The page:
22 Feb 4 Reasons Why You Should Pay More For Enterprise Web And App Hosting
You can jump on Google right now and run a search for “Enterprise Web and Application Hosting” then sit back, hold tight and be prepared for the deluge of results.
There are just too many options out there. To make matters worse reading reviews and comparisons will leave your head spinning. Pros, cons, benefits, disadvantages, thumbs ups and thumbs downs. An almost endless barrage of information, charts and graphs lay an assault on your eyes and brain.
One thing you may notice is that not all solutions are priced the same. Some barely brake £3 a month, while others weigh in at almost 40x more. The lowest prices tend to get a lot of attention, because, well they’re cheap. But in a lot of cases you get what you pay for. Users find these cheaper alternatives lacking in some crucial areas. In order to get more, you may have to open up the wallet a bit wider. Here are some reasons why it is a good idea to pay a bit more when it comes to enterprise web and application hosting.
A little help goes a long way and a lot of help can mean the difference between success, or having your business at risk. Paying a bit more for better customer service is well worth the money and when it comes to IT services, having experts “on the books” pays dividends. Even extending your coverage from standard 8×5 (eight hours a day, five days a week) to full 24×7 support can make a world of difference. You never know when an outage might strike or a critical issue comes to light. The ability to access technical knowledge is essential for businesses reliant on web and application hosting. Exchanging a bit of money for a comprehensive support package makes sure that you receive the help you need when you need it.
Does your website or application use a Content Management System (CMS) or Database? With 23.3% of all websites on the internet being powered by WordPress as an example, your website will require a solid and reliable platform with the hardware back-end to match it. It’s key to ensure that you employ a hosting provider that can handle your organic growth and shrinkage (this is called elastic scaling), as well as the platform you’re using. It does not necessarily matter if they cannot manage it from an administration point of view, but they must be able to provide a platform that will support its technical and operational requirements, together with a support service level agreement and infrastructure environment to let you do just that. Something goes wrong, you’ve got a direct line to the engineers at the hosting provider to manage the incident. Got a strategic question, you know that it will be answered with expertise and accuracy. What you don’t want to do is go for a provider that gives you “unlimited everything” for a seemingly low price because guaranteed their hardware will not cater your needs and their support will be far from un-limited.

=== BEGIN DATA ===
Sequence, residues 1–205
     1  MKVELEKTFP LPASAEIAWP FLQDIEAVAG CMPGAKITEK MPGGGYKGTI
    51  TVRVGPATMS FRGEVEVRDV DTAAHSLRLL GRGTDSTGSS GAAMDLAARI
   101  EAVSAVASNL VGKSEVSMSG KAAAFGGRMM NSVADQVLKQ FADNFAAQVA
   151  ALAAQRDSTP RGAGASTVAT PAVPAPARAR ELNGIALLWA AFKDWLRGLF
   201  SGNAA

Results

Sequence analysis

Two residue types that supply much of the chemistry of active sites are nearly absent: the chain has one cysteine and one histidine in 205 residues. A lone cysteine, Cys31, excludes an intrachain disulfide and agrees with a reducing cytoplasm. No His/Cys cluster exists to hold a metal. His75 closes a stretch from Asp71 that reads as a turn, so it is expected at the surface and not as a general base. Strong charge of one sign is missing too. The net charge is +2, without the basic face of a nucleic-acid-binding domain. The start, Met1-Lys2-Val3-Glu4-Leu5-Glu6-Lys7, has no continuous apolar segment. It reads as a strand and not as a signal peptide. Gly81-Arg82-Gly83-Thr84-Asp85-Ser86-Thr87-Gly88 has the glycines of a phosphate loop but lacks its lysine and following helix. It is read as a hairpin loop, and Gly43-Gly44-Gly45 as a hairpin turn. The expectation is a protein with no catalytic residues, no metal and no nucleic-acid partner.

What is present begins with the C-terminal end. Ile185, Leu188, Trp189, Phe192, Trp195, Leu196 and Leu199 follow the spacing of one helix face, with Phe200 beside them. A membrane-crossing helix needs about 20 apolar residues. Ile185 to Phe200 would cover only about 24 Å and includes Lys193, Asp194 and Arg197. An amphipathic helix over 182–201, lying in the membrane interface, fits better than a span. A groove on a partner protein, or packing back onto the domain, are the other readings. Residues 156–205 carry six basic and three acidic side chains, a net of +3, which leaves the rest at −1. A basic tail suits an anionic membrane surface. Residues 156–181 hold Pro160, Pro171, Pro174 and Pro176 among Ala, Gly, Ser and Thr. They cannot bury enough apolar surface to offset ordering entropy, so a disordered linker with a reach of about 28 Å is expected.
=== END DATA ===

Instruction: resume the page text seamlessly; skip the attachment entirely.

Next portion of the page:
This is pretty straightforward. If you are running any type of server (Windows, Linux, other), make sure that your web and app host’s environment is compatible with your requirements to ensure integration, management and business continuity. What you need to avoid is a conversation where they only support one platform and will “do their best” to support the other, as that will provide you with little reassurance when something goes wrong. With enterprise hosting, based on the type of platforms available and the associated costs, the entire range of server operating systems should be supported on the infrastructure they provide with scalable growth and performance options.
The opposite can mean death to your website, application, business and profits. Make sure that whoever you choose to go with to host your valuable business process and intellectual property has a very good track record of high availability (as well as read through their service availability and level agreements). In the event that their main systems or servers go offline for whatever reason you need to know that they have a disaster recovery plan to ensure as high an uptime as possible (you’re looking for somewhere between 99.9% and 99.999% which is acceptable). Request this information before you commit to any particular vendor.
Latest posts by David Share (see all)
- Office 365 update to improve phishing and spam filtering - October 16, 2019
- Dropbox Business Team Sub-Folder Permissions Finally! [New Feature] - October 7, 2019
- 3 Ways You Can Use IT to Help Your Business Thrive - September 30, 2019